64. Coq au Vin p.368

No recipe for this one.

Coq au Vin is such a classic it’s practically drowning in preconception and expectation. This recipe doesn’t throw any wild experiments or out of the play book ingredients in, but it tries to simplify the process a bit too much. The biggest twist in this recipe is that it calls for white instead of red wine. It also doesn’t call for much of it. Most recipes seem to call for about a bottle of wine, this one asks for only 1 1/2 cups. The traditional method usually involves soaking the chicken in wine with a bouquet garni overnight, or for a couple of days. Sometimes the giblets are used to flavour the sauce as well. This version skips all that and just browns the chicken in bacon fat, then braises it in a wine and stock mixture with a bouquet garni, bacon, and onions. Sautéed mushrooms with cognac are stirred in near the end, and then the sauce is thickened with a beurre manié.

The result is pretty good, but the extra little touches in the more traditional versions do make a difference. I prefer the taste of red to white wine, and I definitely missed it here. The Book suggests using white because the final dish will look nicer, but even there I disagree. Yes, the purple tinge red wine gives the chicken is a bit weird, but this white wine version was an unrelieved beige. I can’t necessarily say that it looked any better. As a concession to ease of finding ingredients the recipe calls for a standard supermarket chicken. The traditional version is made with a stewing hen, which is an egg laying hen that’s grown too old to keep around the farm. These birds are tough, but loaded with flavour, i.e. the perfect subject for a long slow tenderizing braise. I bought a good quality chicken, but there’s no way it can compare in flavour. Admittedly tracking down a real stewing hen would be a major pain, and if the recipe had called for one I probably would have complained about that instead.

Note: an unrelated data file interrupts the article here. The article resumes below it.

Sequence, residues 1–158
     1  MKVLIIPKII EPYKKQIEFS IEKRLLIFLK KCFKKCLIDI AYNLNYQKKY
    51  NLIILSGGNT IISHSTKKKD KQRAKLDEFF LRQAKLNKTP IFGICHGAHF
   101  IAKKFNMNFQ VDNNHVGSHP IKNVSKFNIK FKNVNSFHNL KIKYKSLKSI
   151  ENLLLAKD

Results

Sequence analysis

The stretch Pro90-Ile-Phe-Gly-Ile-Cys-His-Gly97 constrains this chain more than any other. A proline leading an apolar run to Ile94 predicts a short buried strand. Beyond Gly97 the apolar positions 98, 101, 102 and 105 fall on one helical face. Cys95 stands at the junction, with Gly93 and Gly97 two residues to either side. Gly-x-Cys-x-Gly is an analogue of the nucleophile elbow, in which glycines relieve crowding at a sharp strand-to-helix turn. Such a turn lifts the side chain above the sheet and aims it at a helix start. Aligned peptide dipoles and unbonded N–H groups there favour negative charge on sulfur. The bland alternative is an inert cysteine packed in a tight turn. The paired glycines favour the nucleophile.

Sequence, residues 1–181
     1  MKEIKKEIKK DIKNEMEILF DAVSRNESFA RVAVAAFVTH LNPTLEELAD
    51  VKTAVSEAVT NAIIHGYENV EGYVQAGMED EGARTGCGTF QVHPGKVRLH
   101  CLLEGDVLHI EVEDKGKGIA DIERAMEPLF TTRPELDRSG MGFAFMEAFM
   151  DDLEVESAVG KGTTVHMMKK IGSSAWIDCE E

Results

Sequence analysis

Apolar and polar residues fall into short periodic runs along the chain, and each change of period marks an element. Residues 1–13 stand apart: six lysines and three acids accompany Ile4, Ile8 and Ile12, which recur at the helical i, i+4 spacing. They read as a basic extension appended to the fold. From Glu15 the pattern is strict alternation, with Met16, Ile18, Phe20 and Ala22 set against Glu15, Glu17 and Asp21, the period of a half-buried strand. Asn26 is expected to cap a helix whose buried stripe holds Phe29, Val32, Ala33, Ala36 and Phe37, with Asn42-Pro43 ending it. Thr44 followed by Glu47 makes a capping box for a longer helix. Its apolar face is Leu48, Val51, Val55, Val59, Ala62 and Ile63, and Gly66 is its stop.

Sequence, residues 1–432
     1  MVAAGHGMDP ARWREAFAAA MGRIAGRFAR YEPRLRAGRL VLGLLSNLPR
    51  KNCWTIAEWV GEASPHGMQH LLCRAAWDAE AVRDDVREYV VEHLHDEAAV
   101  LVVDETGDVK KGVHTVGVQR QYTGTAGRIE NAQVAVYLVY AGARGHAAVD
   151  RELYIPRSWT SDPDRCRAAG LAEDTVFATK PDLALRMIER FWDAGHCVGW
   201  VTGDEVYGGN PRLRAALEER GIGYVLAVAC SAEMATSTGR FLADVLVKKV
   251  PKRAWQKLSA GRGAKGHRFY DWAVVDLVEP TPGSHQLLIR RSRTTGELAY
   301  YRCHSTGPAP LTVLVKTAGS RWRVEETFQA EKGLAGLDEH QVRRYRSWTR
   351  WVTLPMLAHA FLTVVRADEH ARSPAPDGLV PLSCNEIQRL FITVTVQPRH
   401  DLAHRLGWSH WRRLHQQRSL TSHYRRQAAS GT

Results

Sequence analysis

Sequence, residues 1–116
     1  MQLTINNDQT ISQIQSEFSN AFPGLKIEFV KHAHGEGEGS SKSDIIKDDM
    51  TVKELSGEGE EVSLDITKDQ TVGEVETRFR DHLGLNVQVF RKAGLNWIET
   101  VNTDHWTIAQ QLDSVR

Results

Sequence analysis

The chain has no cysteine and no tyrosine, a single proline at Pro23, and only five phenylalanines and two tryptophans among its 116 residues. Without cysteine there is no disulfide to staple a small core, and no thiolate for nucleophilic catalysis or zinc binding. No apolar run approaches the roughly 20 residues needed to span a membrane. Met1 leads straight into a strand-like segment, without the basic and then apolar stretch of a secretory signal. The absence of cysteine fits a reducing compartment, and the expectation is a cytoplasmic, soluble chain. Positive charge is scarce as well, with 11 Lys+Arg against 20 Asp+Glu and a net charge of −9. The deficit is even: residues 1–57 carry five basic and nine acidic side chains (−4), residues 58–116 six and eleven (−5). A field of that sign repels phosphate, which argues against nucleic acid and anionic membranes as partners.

Coq au Vin in an international success because the flavours in the dish work so well together, chicken, wine, bacon, mushroom, onions, and the oh so French bouquet garni (celery, thyme, parsley, bay leaf). This version didn’t do everything that could be done with those flavours, but it only took 2 hours to prepare. If you’ve got the time or the inclination seek out a battle hardened old chicken, and the forethought to give the bird a wine bath the day before you’ll be rewarded with a better dish than this one. However, this version is easy enough to do as a Tuesday night supper, and tasty enough to serve at your next dinner party.

28 July 2007 | Poultry, The Book | Comments

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